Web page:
You may have read some of my opinions in the Chronicle lately. You may also have noticed, I got together with my “co-workers” to discuss the Texas Biennial. With the first installment out and the second and third coming out today, I decided to whet your appetite with a small fraction of my “secret project”. Following is a stream of thoughts as I wander through the gallery.
The split direction layout of the Butridge Gallery always causes an immediate dilemma. This time I choose left. Cutout paintings of a book and cassette tape, a pair of photographs, and some cut paper works catch me turning my head as I look at Tom Orr‘s piece. The boring steel hoops leaning against the wall become exciting as I realize the mirrors on the ground reflect sparkles of light. Along with the shadows, the three elements merge into a dance between heavy and light, light and dark. Amazing how a simple light show can entertain such a feeble mind. Speaking of light and entertainment, Andrew Anderson‘s paintings remind me of a TV screen turning off. Yeah, there’s some boogie woogie, maybe some Constructivism, but the RGB compressed by the surrounding black tells me someone just pulled the plug on my favorite episode of the Simpsons.
In the same end of the gallery, a mocha colored rug lay under a spotlight. The brown and creme hues made Frances Bagley‘s rug very homely and ordinary. Surely this wasn’t included because somebody decided to hand braid a piece of furniture?! But then I see the tuft of hair at the end. Human, horse or synthetic? Again craftsmanship takes center stage. This time it’s cut paper. In a quintiptych (is that a word? can I make it one?), Michael Velliquette moves you from Primitivism to Super-Consciousness, as the title suggests. But maybe it was a tread mill, because the first and last images are similarly baffling. I mean, I see the movement a la Thomas Cole’s Empire, but the middle three images make it difficult to reconciliate their relationship. Floating eyeballs don’t cut it. Neither does the paper. Wouldn’t colored pencil have been equally as effective?
Men are from Mars, women are from Venus. Yeah but did you know Mars is closer to Earth? Thats why the males are positioned higher than the females in Soody Sharifi‘s photographs. (bros befo’e hoes, yo) They follow along the white male-centric pictorial hierarchy. Have you ever seen the black soldier in Winslow Homer’s Prisoners From The Point? Well, he’s there. There isn’t much else to say about these top grade photos, besides hoping Ms. Sharifi doesn’t get stuck with working Muslim imagery. I’d hate for her to become the stereotypical “Muslim artist” as much as I’d hate Candace Briceno to be the “Latina artist”. Art for Dummies. The cutout cassette tape and book look and sound like self-help material. Corey Escoto titles the book, “You Can Change The World” and the tape “Leadership”. I can only assume the artist is referencing someone whom Chris Rock recently called a retard on SNL.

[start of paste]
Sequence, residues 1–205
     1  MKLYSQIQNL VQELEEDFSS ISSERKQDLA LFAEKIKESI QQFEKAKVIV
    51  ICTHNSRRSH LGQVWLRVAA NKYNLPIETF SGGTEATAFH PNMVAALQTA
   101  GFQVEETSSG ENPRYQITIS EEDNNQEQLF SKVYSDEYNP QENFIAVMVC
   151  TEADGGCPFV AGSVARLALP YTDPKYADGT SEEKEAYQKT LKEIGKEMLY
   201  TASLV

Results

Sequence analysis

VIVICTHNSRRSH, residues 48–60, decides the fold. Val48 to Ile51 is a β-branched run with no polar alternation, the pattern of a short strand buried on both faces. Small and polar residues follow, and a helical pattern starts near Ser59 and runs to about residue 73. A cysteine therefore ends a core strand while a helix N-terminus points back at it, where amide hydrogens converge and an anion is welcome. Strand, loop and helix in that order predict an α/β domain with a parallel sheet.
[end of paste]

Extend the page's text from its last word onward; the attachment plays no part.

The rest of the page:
Black text on white paper. That’s all Matthew Roberts gives us. Another political statement? Perhaps another racial statement? I can go either, or, and both. Charlie Morris gives us simple objects. Solid colored electronics fashioned out of wood. Is that because of cheap quality of the product or that these electronics fail to fully enrich our lives? The street market, on the floor presentation suggests their inferiority as products, but if you ask me I’d rather be unplugged. And kick back all sprawled out on a couch.
Hanging on the wall is a painting of a living room scene. Having experienced Erin Curtis‘ installation a few months back, this piece felt incomplete. I had trouble with the installation, I have more trouble figuring out this individual work. The patterning and flatness of space remind me of Matisse, while the perspective of the room makes me think of Van Gogh. I don’t know whats up with the tape on the edges, though. Tassles? Fringe? Lily Hanson‘s work also felt incomplete, lonely. The negative space of the cut-out shapes seem to reach out for an adjacent piece to nestle. Like the plush toy creatures seen at museum giftshops, the fabric is attractively comforting while the object’s odd shape is a little confusing. The colors smell like coffee.
Michelle Grinstead and Nancy O’ Connor felt kinda squeezed into the end of the gallery. Their monument, although poignant, felt unnecessarily dissected. Of course the reality of space dictated how much was allocated, but the well lit photos were on one side of the hallway path and the darkened corner for the video was on the other. The ceiling feels a little low for the box, too. Engaging this installation was a clunky experience. Emilie Duval‘s video wasn’t that smooth a-watching either. I watched part of it, but forgot to come back and get a pic. The drink table easily distracted me as I chose to avoid the grouping of people around that area. Came back during a weekday and watched both videos. Ms. Duval’s “Mind The Gap” had me wondering what gap I needed to pay attention to. The black screen interstitials didn’t do much. Was I supposed to see my reflection on the screen? The clips of a hurricane allude to the eye of a storm. The kid reminds me of Elliot in E.T. The white linens and bathroom scene lend a clinical air. Is his mental health in question here?
I felt a little disappointed with the turnout. The crowd was not as large as I imagined it would be, but the gallery was packed. With the low lighting and emphasis on formal concerns, the gallery had a clinical atmosphere overall. A very sober and sinister art experience.
I’ll tell you ’bout what I sees.